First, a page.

Bill Clinton's administration was caricatured, and the last vestiges of his reputation shredded, with his famous dodge "It depends on what the definition of 'is' is."
Now, as the clock runs down to next Sunday's deadline for Saddam Hussein to make a full disclosure of his arsenal of weapons of mass destruction, President Bush risks doing similar damage to his legacy — and, more importantly to the national security — by redefining the clear meaning of "regime change" in Iraq.
That meaning was originally established by Public Law 105-338 known as the "Iraq Liberation Act." When this bipartisan legislation was adopted by veto-proof margins in both houses of Congress, President Clinton chose to sign it into law. Unfortunately, as was his wont, he decided not to implement the act's direction that: "It should be the policy of the United States to support efforts to remove the regime headed by Saddam Hussein from power in Iraq and to promote the emergence of a democratic government to replace that regime."
To President Bush's credit, he has repeatedly declared regime change in Iraq to be the policy of his administration. His subordinates have echoed this principled position on myriad occasions, often in response to urging from other quarters to the effect that "containing Saddam" or disarming him would be sufficient.
The reasons Mr. Bush and his senior advisers have publicly distanced themselves from such alternatives to the toppling of Saddam can be reduced to three words: They won't work.
For confirmation, one need look no further than the situation in Iraq today after nearly a week of resumed U.N. weapons inspections. Hans Blix, the hapless Swedish diplomat chosen by Saddam's friends on the Security Council to run the search for chemical and biological weapons and their delivery systems is demonstrating why he was tapped for the job.
According to press accounts, he is selecting inspectors, not on the basis of their expertise, but in light of their inoffensiveness to Saddam. [Even U.N. officials have confided to reporters off the record that "a lot of inspectors are inexperienced" and are being hired without background checks to establish their fitness, let alone their objectivity and integrity. The conduct of the inspections to date inspires no more confidence. True to form, Mr. Blix has thus far sent his inspectors to previously known weapon and related industrial sites certain to have ceased activities of interest long ago.]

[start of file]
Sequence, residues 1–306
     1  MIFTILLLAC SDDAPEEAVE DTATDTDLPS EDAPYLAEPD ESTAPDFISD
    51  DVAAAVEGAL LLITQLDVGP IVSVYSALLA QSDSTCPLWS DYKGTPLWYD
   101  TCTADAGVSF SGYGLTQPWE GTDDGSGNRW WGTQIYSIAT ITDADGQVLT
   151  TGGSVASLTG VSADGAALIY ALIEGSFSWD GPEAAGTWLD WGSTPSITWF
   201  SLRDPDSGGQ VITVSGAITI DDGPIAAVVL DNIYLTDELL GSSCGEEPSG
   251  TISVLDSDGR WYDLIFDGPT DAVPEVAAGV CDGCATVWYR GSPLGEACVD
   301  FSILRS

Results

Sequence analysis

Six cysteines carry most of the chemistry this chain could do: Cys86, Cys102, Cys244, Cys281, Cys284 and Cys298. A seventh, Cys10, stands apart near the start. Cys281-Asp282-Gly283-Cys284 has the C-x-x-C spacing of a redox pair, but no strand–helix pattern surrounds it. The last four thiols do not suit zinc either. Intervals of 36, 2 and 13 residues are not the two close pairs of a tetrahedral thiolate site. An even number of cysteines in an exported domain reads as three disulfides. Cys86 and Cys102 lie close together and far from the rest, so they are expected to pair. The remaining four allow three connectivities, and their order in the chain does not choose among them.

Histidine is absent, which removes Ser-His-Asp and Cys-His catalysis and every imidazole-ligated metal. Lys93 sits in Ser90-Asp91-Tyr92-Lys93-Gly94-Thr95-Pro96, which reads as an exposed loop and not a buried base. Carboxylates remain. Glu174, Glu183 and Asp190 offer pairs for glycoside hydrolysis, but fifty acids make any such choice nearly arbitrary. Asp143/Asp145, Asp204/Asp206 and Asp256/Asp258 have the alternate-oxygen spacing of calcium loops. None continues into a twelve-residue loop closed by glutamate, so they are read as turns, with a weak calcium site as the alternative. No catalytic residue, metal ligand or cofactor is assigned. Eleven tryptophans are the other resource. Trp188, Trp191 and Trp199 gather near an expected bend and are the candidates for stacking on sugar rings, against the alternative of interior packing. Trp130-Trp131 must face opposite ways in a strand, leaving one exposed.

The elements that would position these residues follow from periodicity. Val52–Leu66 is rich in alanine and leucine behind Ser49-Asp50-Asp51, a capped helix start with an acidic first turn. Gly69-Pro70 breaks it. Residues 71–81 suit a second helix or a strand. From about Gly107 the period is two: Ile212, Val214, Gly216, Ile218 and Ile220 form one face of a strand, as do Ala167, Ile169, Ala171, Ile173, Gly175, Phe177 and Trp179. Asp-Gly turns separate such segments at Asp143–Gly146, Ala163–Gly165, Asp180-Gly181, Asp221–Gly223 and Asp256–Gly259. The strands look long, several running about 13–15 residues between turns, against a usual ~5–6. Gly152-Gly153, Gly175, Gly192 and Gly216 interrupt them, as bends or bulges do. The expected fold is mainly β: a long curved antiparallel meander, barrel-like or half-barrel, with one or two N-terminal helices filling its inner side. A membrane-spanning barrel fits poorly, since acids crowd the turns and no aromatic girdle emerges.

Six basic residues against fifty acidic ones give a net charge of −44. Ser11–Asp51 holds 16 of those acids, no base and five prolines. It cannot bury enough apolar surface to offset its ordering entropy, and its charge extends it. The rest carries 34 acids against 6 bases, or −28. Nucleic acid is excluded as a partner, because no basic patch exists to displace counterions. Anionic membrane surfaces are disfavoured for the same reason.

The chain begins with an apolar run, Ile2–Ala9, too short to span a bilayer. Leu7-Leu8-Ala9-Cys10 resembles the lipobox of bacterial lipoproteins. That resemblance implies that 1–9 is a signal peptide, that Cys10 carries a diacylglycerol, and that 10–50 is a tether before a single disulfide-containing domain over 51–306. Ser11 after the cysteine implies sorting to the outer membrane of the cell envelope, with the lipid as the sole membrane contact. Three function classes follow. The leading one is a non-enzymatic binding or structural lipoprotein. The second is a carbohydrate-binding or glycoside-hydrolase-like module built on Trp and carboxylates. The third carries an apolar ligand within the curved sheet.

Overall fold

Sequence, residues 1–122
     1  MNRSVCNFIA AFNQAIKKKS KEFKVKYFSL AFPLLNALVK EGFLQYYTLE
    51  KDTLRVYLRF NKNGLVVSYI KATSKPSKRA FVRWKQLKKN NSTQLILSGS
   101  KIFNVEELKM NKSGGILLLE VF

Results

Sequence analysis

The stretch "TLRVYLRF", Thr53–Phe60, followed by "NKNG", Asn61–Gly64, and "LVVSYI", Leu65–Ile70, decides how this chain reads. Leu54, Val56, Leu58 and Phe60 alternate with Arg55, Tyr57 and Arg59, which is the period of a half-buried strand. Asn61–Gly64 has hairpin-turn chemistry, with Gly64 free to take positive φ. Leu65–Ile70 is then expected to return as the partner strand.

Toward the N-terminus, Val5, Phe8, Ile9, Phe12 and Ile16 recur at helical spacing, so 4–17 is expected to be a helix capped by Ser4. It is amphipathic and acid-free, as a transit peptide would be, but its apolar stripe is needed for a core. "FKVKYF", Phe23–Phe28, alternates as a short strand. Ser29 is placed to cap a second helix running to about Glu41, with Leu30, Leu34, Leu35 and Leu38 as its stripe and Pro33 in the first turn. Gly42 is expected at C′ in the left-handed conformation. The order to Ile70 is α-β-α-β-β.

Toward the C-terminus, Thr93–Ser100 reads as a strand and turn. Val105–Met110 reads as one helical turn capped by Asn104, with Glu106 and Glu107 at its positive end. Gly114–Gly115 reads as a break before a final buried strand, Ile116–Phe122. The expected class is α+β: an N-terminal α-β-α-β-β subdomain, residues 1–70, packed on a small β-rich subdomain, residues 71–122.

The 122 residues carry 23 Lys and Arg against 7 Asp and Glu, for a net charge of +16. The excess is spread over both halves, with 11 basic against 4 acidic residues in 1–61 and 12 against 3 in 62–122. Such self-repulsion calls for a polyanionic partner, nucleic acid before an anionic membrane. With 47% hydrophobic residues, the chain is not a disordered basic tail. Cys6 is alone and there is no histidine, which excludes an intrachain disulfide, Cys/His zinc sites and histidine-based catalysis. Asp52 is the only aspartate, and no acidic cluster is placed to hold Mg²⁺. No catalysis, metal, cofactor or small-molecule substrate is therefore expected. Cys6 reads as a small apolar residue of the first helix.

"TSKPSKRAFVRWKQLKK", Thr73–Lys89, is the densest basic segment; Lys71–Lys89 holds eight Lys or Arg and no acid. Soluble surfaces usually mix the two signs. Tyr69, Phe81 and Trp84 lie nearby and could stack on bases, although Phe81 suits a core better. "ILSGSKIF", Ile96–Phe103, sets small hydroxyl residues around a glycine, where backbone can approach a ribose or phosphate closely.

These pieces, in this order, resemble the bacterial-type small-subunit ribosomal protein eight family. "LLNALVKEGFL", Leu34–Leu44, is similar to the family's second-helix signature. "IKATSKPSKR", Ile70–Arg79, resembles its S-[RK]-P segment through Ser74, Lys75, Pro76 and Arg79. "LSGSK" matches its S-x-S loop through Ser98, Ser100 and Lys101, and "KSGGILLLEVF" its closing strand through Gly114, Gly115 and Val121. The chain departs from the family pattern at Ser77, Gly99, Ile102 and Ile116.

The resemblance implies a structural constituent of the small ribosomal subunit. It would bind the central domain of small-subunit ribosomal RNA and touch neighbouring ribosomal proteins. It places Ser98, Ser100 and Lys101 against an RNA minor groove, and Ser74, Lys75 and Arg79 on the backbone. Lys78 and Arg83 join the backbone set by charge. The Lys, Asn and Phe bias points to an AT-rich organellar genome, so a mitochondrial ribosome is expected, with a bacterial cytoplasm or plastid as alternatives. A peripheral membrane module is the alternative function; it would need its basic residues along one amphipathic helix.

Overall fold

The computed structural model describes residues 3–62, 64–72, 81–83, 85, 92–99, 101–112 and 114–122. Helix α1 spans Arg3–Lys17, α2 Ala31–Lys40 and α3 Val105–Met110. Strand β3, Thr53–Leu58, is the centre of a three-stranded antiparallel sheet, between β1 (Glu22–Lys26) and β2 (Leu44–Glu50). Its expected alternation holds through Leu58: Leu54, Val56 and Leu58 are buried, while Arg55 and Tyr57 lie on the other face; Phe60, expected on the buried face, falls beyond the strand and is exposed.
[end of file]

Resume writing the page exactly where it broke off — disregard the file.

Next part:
Meanwhile, Western intelligence is reporting Saddam is ordering his scientists to hide components of weapons of mass destruction in their homes and on farms. If true, this arrangement would infinitely compound the inspectors' difficulties in discovering the whereabouts of Iraq's weapons of mass destruction. Should enough time be allowed to elapse, the danger will grow that at least some of these weapons will wind up in the hands of terrorists or other bidders.
Yet, Mr. Blix's counterpart for the nuclear weapons inspections, Mohamed al-Baradei, told the BBC on Sunday that "it would take us probably around a year before we can come to a reasonable conclusion that Iraq does not possess the capability to have nuclear weapons."
It is against this worrisome backdrop that the Bush administration has been suggesting that what the president means by "regime change" is not necessarily the removal from power of Saddam Hussein and his ruling clique.
Now, we are told, if Saddam cooperates with the inspectors and disarms, his regime will have "changed." Ergo, no problem — and certainly no need for U.S.-led military action to liberate Iraq.
This formula may suit the United Nations, whose membership remains dominated by totalitarians and other despots and recoils from the idea that any of their peoples might be freed by dint of outside intervention. As in 1991, when the first Bush administration averred that it had no U.N. mandate to remove Saddam from power, the absence of one today could ensure the Iraqi tyrant's survival for years to come.
It may even suit the likes of Sen. John Kerry, Massachusetts Democrat, who announced Sunday that he hopes to run against President Bush in 2004. According to Mr. Kerry, the United States would lack "legitimacy" if it acted without the support of the United Nations. Even though he voted for the Iraq Liberation Act in 1998, Mr. Kerry told NBC's Tim Russert: "I'd not be willing to support the president [in unilateral action against Iraq] if it's just for regime change."
President Bush now faces a choice that will, ironically, define his presidency and perhaps his political future. He can reaffirm his commitment to change the regime in Iraq via the only means that has any hope of genuinely, let alone permanently, disarming that country — namely, by liberating its people from Saddam's misrule. If he does so, in the process assuming all the risks such an action entails, he offers hope not only to Iraqis repeatedly abandoned by the United Nations but to many millions elsewhere in the region and beyond who yearn no less than they for freedom.
If, on the other hand, Mr. Bush goes along with a redefinition of the meaning of "regime change," he will not avoid war between Iraq and the United States. If he allows the U.N. once again to trump sovereign American decisions about our security, he will simply be condemning this nation to a conflict with Saddam at some other time and under circumstances of the latter's choosing, a conflict which will, as a result, surely be more destructive and costly to both Americans and innocent Iraqis.
Perhaps betweentimes, Mr. Bush could face defeat not from a John Kerry who will applaud his inaction, but — like his father in 1992 — from a more formidable rival who condemns him for leaving Saddam in power.
Frank J. Gaffney Jr. is the president of the Center for Security Policy and a columnist for The Washington Times.